Here is a very good email to Andrew Sullivan comparing Iraq to South Africa. I've been to South Africa, and I think the author has it pegged:
"In reading articles marking 10 years since the end of South Africa apartheid, I was struck by the similarities between that country’s struggle since liberation and the current struggle since the liberation of Iraq. Likewise, I was struck by the relative silence of the left on the real problems South Africa has faced in the past 10 years.
In the early 1990’s, the movement against apartheid was one of the most passionate cause of the American left. The struggle for freedom is South Africa ended on April 27th 1994 when over 90% of the people of that country went to the polls to elect the first democratic government the country had ever seen. Since that time, South Africa has been one of the most, if not the most, dangerous place to live on the planet.
In 1998 for instance, South Africa led the world with a recorded 59 murders per hundred thousand citizens (source: Interpol). By comparison, the United States had 6 per hundred thousand that year; England had 1, France 4, and Russia 21. The closest to South Africa was Colombia, with 56.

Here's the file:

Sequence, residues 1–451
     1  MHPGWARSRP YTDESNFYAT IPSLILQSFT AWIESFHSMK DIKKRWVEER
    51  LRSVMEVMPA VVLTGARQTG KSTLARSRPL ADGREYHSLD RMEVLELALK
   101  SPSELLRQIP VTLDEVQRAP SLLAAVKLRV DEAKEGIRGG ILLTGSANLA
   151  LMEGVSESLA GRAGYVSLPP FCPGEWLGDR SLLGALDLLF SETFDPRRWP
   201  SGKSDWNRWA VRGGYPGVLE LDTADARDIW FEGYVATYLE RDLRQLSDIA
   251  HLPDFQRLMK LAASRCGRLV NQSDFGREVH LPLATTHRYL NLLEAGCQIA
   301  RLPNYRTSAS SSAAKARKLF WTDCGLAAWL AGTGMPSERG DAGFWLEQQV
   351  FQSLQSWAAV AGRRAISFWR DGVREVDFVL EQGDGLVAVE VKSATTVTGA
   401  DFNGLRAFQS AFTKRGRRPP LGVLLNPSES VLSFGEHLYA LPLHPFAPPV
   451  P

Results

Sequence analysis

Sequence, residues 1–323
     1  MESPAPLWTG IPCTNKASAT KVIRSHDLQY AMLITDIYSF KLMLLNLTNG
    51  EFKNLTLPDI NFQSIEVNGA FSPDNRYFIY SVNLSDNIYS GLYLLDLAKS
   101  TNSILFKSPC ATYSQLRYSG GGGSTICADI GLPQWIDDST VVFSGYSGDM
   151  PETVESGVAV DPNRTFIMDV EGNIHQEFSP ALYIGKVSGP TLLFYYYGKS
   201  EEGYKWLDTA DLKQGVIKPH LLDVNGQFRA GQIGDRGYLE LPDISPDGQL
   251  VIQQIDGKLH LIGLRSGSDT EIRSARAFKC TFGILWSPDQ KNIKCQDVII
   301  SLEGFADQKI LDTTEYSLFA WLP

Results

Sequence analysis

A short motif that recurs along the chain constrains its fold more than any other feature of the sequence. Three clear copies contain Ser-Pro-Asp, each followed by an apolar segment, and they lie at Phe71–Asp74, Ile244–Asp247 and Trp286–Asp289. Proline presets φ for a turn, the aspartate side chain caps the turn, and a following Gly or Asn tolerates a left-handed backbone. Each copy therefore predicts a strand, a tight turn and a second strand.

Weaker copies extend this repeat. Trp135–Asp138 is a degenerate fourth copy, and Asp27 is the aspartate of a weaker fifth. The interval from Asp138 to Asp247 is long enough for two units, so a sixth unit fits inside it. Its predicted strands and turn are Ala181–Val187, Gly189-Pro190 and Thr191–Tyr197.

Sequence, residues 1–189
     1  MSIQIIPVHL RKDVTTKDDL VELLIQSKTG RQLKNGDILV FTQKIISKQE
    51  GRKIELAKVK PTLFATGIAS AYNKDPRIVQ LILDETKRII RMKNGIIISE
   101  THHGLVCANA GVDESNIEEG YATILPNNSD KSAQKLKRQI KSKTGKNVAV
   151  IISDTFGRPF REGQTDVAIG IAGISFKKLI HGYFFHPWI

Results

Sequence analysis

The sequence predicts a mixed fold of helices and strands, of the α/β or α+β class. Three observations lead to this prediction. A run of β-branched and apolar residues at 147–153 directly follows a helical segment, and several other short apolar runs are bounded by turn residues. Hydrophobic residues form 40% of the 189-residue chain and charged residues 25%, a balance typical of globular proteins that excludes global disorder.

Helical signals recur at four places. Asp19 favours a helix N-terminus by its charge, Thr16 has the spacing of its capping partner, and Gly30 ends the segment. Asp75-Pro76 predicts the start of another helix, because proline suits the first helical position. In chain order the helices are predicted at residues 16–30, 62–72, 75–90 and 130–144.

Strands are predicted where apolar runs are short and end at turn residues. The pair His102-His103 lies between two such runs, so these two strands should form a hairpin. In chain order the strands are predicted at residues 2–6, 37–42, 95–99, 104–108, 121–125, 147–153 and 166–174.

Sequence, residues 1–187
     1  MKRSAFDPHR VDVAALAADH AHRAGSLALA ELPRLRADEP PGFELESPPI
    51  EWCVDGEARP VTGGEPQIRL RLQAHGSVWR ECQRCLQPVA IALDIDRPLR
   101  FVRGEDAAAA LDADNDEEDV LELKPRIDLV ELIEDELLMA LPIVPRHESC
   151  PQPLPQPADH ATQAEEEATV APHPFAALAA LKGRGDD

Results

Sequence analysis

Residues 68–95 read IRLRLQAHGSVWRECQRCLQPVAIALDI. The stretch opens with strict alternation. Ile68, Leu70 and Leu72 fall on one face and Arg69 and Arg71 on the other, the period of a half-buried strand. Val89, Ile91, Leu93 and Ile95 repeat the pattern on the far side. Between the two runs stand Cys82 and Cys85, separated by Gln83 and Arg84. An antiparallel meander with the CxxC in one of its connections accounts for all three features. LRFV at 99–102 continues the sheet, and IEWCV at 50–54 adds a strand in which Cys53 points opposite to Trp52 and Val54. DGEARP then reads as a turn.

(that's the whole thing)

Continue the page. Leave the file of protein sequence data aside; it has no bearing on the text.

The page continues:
Presently, although crime seems to have abated, the country is still racked with problems. An estimated 20.1% of the population has AIDS, 50% of the population is below the poverty line, and 37% of the population is unemployed. The current life expectancy is 46.56 years.
Now, very few people on any side of the political spectrum would argue that South Africa was "better off" under apartheid. Yet, those that oppose our war in Iraq often bitterly complain that the Iraqis are not better off. Both countries, when liberated, were coming from oppressive governments with people unaccustomed to the democratic process. It has taken ten years to get South Africa to the still troubled, but gradually improving, state it is currently in. Why is so much expected of Iraq so quickly? Apparently, the left's criterion for democratic progress is a double standard."